Posts Tagged ‘Hank Aaron’

Is Alex Rodriguez getting older and not quite the player he was 5 years ago?


Iis A-Rod still one of the five most dominant players in Major League Baseball, capable at any time of doing something truly amazing?

Also yes.

And therein lies the quandary for most Yankee fans: how to reconcile those two facts. Oh, that – and many fans still seem to think of A-Rod as some type of  pinstriped imposter, last year’s postseason be damned. I have heard throughout the season rumblings and grumblings that A-Rod is “back” to his “choking” self; unable to handle pressure and not really as good as his career stats would seem to indicate.

I wonder: do those “fans” really think that Charlie Hayes or Mike Pagliarulo were better third basemen?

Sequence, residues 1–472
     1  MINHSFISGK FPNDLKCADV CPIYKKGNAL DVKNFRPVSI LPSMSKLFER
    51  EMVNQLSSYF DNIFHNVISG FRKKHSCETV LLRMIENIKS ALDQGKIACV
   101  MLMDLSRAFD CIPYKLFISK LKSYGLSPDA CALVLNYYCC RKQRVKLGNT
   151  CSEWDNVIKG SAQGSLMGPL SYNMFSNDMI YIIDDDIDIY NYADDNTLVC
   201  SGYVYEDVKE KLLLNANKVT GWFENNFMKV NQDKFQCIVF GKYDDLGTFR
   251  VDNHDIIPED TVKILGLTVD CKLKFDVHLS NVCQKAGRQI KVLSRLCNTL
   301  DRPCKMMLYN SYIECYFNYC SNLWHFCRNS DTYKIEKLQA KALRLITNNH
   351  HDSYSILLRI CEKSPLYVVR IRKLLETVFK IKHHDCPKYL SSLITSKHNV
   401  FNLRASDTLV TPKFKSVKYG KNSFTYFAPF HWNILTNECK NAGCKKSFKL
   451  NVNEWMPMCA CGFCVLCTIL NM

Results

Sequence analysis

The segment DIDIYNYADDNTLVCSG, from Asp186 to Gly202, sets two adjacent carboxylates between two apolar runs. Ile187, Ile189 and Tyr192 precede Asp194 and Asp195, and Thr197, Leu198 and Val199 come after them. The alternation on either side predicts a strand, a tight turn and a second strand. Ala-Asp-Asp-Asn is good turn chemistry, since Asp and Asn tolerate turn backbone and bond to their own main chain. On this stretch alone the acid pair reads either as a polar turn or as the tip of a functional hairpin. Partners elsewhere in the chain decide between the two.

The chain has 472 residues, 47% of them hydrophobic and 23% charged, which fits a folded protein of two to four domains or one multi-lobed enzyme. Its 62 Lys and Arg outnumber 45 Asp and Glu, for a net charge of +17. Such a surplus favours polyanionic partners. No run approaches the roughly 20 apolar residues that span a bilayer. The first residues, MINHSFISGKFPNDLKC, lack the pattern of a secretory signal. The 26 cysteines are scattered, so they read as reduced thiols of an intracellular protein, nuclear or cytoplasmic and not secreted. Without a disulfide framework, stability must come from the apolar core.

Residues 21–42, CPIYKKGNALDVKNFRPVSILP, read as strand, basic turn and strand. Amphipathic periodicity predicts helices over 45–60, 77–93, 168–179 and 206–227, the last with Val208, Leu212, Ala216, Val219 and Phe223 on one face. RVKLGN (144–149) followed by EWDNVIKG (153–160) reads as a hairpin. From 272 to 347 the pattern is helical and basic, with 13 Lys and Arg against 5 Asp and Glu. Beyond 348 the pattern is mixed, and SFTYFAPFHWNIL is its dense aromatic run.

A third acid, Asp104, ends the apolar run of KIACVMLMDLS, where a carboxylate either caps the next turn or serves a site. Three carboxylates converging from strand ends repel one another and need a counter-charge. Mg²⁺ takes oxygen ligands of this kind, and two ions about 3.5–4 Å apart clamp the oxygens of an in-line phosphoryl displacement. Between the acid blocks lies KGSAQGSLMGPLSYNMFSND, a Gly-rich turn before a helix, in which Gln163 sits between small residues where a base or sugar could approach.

Look – every season A-Rod has been in pinstripes, he’s treated us to some sort of other-worldly performance. Last night’s 3 homer performance was just the latest. To put that in historical perspective, only one player has homered three times in a game more often, some guy named Barry Bonds. A-Rod has now hit 20 or more dingers in 15 consecutive season – a feat topped by only two men: Babe Ruth and Hank Aaron. If A-Rod drives in 33 more runs in the Yanks remaining 46 games – a very distinct possibility – he will move into third place all-time for most seasons with 130 more RBI – behind only Ruth and Lou Gehrig. Speaking of career RBI records, A-Rod is on the cusp of setting the all-time record for seasons with at least 100 RBI – 3 more this year will give him 14 seasons accomplishing the feat, more than anyone. More than Ruth. More than Gehrig. More than Aaron. More than other undeniable Hall-of-Famers Stan Musial, Jimmie Foxx and Carl Yastrzemski.